Beyond IV debuts in retailers, features simplified label and improved taste

By Deniz Ataman

- Last updated on GMT

Source: Beyond Meat
Source: Beyond Meat

Related tags Beyond meat avocado oil plant-based meat

Beyond Meat’s new Beyond Burger and Beyond Beef, which feature the fourth-generation recipe Beyond IV, debuted yesterday in retailers nationwide with "an improved version from a nutritional standpoint over the older version,” Joy Bauer, registered dietitian and nutrition advisor for Beyond Meat, told FoodNavigator-USA.

Participating retailers include Walmart, Kroger, Albertsons, Publix, Whole Foods Market, Sprouts and more. Beyond Meat will also feature recipes and cooking videos for Beyond Burger and Beyond Beef, in addition to a cookbook expected for release this summer.

Beyond_Beef_Rice_Bowl-AHA_Heart-Check_Certified_Recipe-optimized (1)
With the new launch, Beyond Meat will also feature recipes and cooking videos for Beyond Burger and Beyond Beef, in addition to a cookbook expected for release this summer. Source: Beyond Meat

Addressing clean label and processed foods

Following recommendations from medical and nutritional experts, including Bauer, and health organizations, Beyond IV’s recipe replaced canola and coconut oil blends with avocado oil, which is “high in monounsaturated fats” and provides a “neutral flavor,” compared to olive oil, which exhibits a similar nutrition profile but with a “pungent” flavor, Bauer explained during Beyond Meat’s tasting event that took place in New York City earlier this week.

The removal of the coconut and canola oil blends simplifies the products’ ingredient list and landed Beyond IV Good Housekeeping’s Nutritionist Approved Emblem and a Clean Label Project certification.

Improving protein, reducing saturated fat

Beyond IV features 2 grams of saturated fat per serving, a 60% reduction from the previous iteration and compared to 80/20 beef, a 75% reduction in saturated fat.

The new recipe also features a 20% reduction in sodium and has 21 grams of protein by including a “diverse amount of high-quality plant proteins,” including peas, red lentils, brown rice and fava beans.

The new iteration of Beyond Meat’s products, along with the company’s Beyond Crumbles and Beyond Steak, are recognized by health organizations, including the American Diabetes Association and American Heart Association’s Heart-Check program.

Additionally, Beyond Meat will work with the American Cancer Society in a multi-year agreement to “advance research on plant-based meat and cancer prevention,” the company shared in a statement.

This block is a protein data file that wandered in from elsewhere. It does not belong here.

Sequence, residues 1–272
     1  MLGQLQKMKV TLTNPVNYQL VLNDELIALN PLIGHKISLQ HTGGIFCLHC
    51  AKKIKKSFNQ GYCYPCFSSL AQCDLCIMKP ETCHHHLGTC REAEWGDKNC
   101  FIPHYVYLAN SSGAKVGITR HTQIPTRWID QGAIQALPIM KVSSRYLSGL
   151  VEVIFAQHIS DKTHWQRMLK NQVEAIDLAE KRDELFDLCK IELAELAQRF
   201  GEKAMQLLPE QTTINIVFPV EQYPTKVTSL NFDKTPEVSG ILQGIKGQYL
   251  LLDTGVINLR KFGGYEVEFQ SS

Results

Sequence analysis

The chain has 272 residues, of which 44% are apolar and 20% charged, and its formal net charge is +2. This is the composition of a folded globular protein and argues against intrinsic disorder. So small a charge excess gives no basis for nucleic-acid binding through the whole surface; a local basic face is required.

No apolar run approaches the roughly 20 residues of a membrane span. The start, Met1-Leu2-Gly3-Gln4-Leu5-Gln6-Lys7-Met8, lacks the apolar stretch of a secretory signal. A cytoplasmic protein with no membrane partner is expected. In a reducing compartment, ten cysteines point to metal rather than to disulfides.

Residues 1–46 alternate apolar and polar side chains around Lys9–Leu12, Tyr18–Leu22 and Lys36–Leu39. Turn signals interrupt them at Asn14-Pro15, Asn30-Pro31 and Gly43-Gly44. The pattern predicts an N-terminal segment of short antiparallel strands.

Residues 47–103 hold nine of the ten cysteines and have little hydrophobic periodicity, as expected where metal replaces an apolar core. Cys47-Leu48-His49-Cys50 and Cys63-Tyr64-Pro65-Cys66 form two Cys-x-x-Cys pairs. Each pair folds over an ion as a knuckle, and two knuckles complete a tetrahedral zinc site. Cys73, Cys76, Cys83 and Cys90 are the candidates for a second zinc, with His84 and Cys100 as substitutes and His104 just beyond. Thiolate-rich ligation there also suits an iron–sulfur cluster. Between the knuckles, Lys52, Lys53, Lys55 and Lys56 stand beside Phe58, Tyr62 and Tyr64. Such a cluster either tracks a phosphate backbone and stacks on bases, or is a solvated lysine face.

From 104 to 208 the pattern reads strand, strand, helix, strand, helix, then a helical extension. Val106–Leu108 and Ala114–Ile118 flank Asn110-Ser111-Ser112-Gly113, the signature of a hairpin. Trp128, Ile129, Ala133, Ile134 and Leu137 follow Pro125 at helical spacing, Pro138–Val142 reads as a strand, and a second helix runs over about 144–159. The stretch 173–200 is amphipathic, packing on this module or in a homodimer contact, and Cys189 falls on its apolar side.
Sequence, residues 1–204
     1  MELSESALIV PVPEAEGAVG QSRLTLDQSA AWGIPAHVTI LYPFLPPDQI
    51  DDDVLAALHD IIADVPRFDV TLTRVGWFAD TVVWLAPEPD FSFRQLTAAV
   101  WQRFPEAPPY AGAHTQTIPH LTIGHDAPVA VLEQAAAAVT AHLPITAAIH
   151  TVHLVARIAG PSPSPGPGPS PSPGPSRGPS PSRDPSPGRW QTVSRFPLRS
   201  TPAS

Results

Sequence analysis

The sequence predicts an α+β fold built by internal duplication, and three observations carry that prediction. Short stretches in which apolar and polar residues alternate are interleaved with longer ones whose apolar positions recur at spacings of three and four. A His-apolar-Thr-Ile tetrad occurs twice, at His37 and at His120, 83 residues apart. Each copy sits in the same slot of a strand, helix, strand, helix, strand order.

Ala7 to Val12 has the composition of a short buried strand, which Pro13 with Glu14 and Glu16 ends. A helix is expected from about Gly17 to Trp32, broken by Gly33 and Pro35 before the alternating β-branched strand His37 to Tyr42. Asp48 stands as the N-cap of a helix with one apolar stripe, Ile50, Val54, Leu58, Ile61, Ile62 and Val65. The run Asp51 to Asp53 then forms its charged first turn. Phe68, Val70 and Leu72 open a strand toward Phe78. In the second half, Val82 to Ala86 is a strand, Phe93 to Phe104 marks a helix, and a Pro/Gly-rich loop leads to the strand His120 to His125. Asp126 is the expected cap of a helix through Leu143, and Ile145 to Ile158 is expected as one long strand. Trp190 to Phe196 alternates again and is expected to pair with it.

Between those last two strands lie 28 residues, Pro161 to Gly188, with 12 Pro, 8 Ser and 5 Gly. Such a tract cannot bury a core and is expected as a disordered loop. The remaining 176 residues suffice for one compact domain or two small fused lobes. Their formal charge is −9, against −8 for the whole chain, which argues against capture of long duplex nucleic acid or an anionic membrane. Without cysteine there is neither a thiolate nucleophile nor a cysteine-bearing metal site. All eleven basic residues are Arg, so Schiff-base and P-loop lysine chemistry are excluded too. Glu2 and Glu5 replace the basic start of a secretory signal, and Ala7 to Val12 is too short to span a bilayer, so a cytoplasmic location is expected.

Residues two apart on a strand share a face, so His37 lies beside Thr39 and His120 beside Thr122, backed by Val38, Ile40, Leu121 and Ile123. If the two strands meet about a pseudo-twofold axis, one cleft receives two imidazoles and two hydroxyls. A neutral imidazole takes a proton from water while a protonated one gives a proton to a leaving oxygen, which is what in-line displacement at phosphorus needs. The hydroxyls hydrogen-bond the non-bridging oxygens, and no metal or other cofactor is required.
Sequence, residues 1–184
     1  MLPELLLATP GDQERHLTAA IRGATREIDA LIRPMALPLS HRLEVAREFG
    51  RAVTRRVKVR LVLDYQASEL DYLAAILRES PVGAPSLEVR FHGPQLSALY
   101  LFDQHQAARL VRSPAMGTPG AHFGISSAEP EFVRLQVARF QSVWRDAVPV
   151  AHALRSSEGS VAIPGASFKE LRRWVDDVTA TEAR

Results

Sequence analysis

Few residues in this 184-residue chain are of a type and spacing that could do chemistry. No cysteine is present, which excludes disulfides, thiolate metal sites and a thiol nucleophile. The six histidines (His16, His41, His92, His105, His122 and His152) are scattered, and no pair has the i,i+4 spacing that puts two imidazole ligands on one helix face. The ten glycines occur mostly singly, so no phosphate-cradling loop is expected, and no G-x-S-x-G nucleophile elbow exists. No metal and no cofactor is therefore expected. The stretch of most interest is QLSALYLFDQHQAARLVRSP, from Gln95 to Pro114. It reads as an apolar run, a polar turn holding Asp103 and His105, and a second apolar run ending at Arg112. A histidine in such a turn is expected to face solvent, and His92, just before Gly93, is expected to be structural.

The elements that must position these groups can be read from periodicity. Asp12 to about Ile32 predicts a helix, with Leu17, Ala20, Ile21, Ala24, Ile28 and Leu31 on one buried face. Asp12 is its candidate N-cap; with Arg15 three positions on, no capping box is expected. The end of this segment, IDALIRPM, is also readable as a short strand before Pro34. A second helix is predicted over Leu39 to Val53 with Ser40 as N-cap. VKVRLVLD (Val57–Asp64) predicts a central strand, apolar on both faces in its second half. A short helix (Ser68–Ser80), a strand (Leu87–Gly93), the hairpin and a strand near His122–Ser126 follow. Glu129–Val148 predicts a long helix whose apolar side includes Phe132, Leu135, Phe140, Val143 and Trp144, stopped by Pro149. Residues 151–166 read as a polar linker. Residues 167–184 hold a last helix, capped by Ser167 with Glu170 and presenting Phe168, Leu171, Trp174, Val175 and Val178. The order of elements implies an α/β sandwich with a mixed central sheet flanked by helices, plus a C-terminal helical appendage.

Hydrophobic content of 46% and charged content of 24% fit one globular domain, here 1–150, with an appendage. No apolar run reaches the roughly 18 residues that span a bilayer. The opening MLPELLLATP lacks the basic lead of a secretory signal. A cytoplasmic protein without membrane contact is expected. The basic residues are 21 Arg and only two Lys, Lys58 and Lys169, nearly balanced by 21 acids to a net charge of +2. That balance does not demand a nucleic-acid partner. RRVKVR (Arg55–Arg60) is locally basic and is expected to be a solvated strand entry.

Balancing consumer concerns about processing in the plant-based category

The reformulation seeks to balance consumer concerns about ultra-processing in the plant-based category, and their desire for taste and texture​, which continue to serve as the deciding factors.

Of these concerns, Bauer acknowledged that “it is not the processing and the progression of technology, [rather] it is the end product that matters,” citing the need for clearer distinctions between a formulation and the final product​, including fortified foods which Beyond Meat decided to “stay away [from] for now.”

She added, “It feels ridiculous to me that you have put something like hummus and salsa and whole grain breads … in the same sort of pocket as things like cakes and cookies and desserts.”

Currently, there is no formal FDA definition of ultra processed foods as research is still ongoing. However, many public health advocates, researchers and stakeholders use the NOVA classification system to define ultra processed food. Foods are assigned to one of four groups within the NOVA system:

  • Group 1-- Unprocessed and minimally processed foods: includes fruits, vegetables, egg, meat and milk
  • Group 2-- Processed culinary ingredients: includes oils, butter, sugar and salt that are derived from the first group or from nature through pressing, refining, grinding, milling and drying
  • Group 3-- Processed foods: includes foods that are combined in groups one and two, i.e. breads and jams
  • Group 4-- Ultraprocessed foods: includes foods that are significantly altered and contain high levels of unhealthy fats, refined sugars and salt

While the NOVA system provides more details on the chemical and physical properties of these ingredients, critics argue​ that  individuals can still eat healthy foods within an unhealthy diet.

Rather than focusing on processing, Bauer contends, “it is the end result of the food that you are making that matters the most,” and the extent to which foods “enhance your heart health and brain health.”

She added, “So, if it is a food that is not packed or comes through a processing regimen that adds saturated fats, adds sugar, adds sodium and some harmful ingredients … but instead produces something that has loads of health attributes, it does not matter if it is a single process, double process [or] ultra process.”                                                                                                                               

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